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Suheldev - Analyzing the change in Amish Tripathi's writing


I have always been a fan of Amish Tripathi's books. All of them. Over the years, a lot has changed, which also includes his writing style. Well, that's just one man's perspective.

Here are the key distinctions of Suheldev from Amish Tripathi's other books:

Cinematic

I have been noticing a gradual change in Amish's writing which is eventually inclining to a cinematic perspective. And Suheldev justifies it the most. Certain sequences in the book are written in such a way that when you read them, it'll seem as if you're watching a movie. They could be fight sequences, or conspiracy sequences, anything. When we read, we form a picture. And that picture may seem relatable to the countless movies we have watched that have action and politics as their genres. To be honest and fair, if I look back at the first novels of Amish, The Shiva Trilogy, it wasn't cinematic, wasn't like watching any movie. It was a completely different world! Reading those novels felt like getting teleported into another body in a different place. So did Ram - Scion of Ikshvaku and Sita - Warrior of Mithila. I felt a bit of cinematic writing evident in the book Raavan - Enemy of Aryavarta, but the story was too impeccable to relate it with the established cinematic storylines or sequences. Mind you, I'm not saying that Suheldev's storyline or sequences are bad. They are amazing, the flow of Amish's writing is still there where you're not reading his book, you're watching it. But I just didn't feel as gripped or sucked into the world of Suheldev or the Turk-tormented Indians as I have with his earlier novels. Overall though, still an amazing book.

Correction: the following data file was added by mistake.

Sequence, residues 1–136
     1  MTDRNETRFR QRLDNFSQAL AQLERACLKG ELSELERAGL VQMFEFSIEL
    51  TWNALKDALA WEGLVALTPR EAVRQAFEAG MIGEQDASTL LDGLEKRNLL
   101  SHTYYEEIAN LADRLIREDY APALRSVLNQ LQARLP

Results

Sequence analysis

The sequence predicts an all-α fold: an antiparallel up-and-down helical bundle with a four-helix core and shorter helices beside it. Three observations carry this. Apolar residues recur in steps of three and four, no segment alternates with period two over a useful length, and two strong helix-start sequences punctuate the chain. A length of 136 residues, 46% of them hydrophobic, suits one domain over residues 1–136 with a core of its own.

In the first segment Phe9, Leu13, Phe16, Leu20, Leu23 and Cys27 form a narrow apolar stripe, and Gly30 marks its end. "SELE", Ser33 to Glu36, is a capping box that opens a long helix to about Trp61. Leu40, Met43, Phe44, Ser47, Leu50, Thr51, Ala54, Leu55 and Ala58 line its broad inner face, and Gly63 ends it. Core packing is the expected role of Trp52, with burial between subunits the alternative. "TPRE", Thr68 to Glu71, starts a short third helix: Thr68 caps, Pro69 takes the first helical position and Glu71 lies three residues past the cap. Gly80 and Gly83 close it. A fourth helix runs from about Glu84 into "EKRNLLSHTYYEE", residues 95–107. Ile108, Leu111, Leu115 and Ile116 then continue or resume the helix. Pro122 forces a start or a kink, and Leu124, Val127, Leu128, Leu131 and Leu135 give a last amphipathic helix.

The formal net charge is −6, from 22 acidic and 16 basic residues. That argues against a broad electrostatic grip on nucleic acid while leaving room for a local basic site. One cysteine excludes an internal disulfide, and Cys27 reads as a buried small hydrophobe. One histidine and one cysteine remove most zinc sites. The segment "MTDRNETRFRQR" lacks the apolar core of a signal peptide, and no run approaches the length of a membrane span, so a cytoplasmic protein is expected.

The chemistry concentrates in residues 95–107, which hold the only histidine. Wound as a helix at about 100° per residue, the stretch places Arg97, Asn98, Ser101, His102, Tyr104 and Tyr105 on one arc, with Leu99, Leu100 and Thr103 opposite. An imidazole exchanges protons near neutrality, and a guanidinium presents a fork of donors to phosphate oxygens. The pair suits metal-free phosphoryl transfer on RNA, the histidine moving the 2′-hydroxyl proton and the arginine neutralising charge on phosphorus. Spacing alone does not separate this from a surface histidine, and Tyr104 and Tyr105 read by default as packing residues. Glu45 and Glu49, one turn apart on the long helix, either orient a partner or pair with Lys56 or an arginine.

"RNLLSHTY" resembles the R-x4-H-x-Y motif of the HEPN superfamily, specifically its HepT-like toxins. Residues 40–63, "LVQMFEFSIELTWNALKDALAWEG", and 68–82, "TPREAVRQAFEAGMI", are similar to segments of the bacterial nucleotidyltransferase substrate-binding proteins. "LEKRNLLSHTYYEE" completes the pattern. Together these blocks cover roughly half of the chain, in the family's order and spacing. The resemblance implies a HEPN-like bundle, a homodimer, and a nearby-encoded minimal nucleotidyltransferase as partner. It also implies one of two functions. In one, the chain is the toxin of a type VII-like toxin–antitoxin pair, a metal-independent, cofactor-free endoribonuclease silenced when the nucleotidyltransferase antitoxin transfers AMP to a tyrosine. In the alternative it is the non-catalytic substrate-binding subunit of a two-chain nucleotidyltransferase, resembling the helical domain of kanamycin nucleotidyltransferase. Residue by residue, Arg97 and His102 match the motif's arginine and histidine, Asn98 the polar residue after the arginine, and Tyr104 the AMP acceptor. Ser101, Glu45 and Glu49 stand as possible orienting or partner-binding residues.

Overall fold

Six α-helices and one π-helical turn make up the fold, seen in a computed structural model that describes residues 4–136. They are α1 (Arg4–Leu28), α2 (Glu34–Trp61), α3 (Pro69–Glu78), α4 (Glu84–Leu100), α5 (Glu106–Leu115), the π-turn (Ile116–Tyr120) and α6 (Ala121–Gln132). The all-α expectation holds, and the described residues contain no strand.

Least modified storyline

This time, Amish has picked up a historic character that very, very few people know about. As a student who has always loved history classes during his school days (yeah, I'm kind of a nerd), I can personally verify that we had never even heard, let alone were taught about these characters and wars. All we were taught about were the annexations by the Turks, the names of the rulers and certain names of the kingdoms that were rich at the time. So yes, making Indians aware of their own history is one extremely important credit that must be given to this novel. It's one thing to better your novel with edgy storylines and another to make people aware of the true legend. And Amish took the responsibility for both the tasks and finished them up respectfully. So the commendable act is to first pick a historic character who was not that known to Indians in the first place and write a fantasy fiction novel on his biography without hardly changing the storyline. Yes, he did modify the Maqsud-Masud character existence, but compare that to the modifications to the widely established and narrated stories of Lord Shiva and Lord Ram, his novel stories seem very humanly and amazingly legendary at the same time.

In conclusion, I would say that I enjoyed reading Suheldev, and I'm happy that it was a different book, a deviation from his Ram Chandra Series. Now all I'm waiting for is the war between Ram and Raavan and how Amish makes the role of Sita much more important in his novel!
Jai Maa Bhaarati!

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